We walked along the path to the one of the oldest gates in Japan. It was tall and made of faded wood. On the steps of the gate a deer stood defiantly as if it dare us to enter.
Inside the walls of the gate were huge wooden guardians on either side of the entryway, casting a watchful eye over all who passed through.
We headed down the steps and were confronted by a wall. Peeking through the slats of the gates, we could see a beautiful ordered green garden leading to an enormous white temple with dark wooden embellishments and golden horns on the roof.
On the other side of the gate was the largest incense holder I had ever seen where people were burning and praying.
We walked around the walls to the side entry gate, paid our fee and entered the garden.
Walking into the temple through the front entrance, I was immediately struck still in awe. Maybe because I wasn’t expecting it, or perhaps because it appeared to be trapped in a building that could barely contain its greatness, I was stumped by the largest Buddha I had ever seen in in my life. It was so overwhelming that not even photos could show just how big and amazing it was.
The main sitting Great Buddha was flanked by two bodhisattva statues in gold and two more guardians, one on each side; this time in stone.
We moved around the statues in an anti clockwise direction, continually being drawn back to the Great Buddha and it’s awesome size.
There was a model of the temple complex towards the back and a hole in one of the temple pylons that was the same size as one of the Great Buddha’s nostrils. Children were lining up to crawl through the hole which is said to guarantee enlightenment if you can fit.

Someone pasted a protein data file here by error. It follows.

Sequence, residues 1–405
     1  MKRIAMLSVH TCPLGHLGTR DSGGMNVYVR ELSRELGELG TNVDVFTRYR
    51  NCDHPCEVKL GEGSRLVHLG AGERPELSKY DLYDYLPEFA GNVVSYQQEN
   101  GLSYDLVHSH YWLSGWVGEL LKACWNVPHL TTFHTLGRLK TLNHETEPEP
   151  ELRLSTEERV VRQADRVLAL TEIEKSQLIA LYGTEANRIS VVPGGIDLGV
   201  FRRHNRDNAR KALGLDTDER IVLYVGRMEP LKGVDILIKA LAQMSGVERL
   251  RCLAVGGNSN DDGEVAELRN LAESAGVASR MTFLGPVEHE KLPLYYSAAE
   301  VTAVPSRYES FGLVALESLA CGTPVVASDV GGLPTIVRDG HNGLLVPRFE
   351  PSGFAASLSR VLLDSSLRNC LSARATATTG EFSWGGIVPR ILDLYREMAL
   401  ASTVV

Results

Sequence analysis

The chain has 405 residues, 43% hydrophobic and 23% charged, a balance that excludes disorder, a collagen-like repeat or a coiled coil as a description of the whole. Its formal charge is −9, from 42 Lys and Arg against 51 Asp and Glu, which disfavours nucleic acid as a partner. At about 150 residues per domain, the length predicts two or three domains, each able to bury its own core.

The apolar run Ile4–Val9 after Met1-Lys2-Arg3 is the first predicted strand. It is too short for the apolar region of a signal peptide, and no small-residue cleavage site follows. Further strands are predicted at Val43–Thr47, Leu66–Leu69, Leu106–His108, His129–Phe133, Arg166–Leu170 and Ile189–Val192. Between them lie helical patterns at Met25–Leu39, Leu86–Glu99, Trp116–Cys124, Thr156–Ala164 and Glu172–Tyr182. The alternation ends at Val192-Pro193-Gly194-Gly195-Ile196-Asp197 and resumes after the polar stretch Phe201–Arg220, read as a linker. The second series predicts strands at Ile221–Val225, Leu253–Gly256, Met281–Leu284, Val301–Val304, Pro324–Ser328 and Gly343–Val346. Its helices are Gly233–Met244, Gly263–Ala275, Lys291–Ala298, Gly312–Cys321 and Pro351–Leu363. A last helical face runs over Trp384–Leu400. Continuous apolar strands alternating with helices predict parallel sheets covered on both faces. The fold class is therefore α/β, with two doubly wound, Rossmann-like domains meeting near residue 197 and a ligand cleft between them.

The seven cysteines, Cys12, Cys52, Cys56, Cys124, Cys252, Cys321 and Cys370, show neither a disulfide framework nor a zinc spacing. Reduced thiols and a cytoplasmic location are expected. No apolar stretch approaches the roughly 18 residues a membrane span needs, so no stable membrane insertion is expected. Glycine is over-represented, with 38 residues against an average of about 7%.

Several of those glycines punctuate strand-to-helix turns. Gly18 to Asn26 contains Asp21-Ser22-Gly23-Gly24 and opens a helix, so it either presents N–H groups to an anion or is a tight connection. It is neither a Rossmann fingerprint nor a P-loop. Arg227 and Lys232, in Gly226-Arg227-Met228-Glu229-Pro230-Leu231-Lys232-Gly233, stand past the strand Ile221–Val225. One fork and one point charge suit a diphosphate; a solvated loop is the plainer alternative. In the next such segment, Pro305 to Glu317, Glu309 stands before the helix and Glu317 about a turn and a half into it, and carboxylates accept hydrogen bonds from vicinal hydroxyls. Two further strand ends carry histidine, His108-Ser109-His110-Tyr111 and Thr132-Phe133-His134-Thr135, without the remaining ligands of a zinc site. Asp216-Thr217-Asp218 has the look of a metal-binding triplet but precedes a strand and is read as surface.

On the way back out of the temple complex, my daughter wanted to burn some incense. I like to think it was to pay her respects to the greatness that we had just seen, but it was more likely because everyone else was doing it.
We left the temple complex, walked back through the park with the now snoozing deer, their bellies full of biscuits; through the small town and caught the train back to Osaka where we dined on traditional Okonomiyaki pancakes and Asahi; hoping that it wouldn’t be so long before we saw our friends again.
No more sight seeing and temples for us, nothing would have been able to top the Great Buddha at that point anyway, so it was off to Disneyland for a different kind of wonder.
Related posts: Nara, 2016, Castle and shopping in Osaka, 2016, Osaka, 2016, Onsen in Nantan, 2016, Markets and Manga in Kyoto, 2016, Gion, Kyoto, 2016, Food and Fervour in Kyoto, 2016, Kyoto, 2016, Takeyama, 2016, Samurai and Shidax in Kanazawa, 2016, Seeking Geisha and Gardens in Kanazawa, 2016, Kanazawa, 2016, Tokyo, 2016: Miraikan, Tokyo, 2016: Shinjuku, Tsukiji Market and Yanaka, Tokyo, 2016: Imperial Palace and Shibuya, Tokyo, 2016: Ueno and Harajuku, Japan, 2016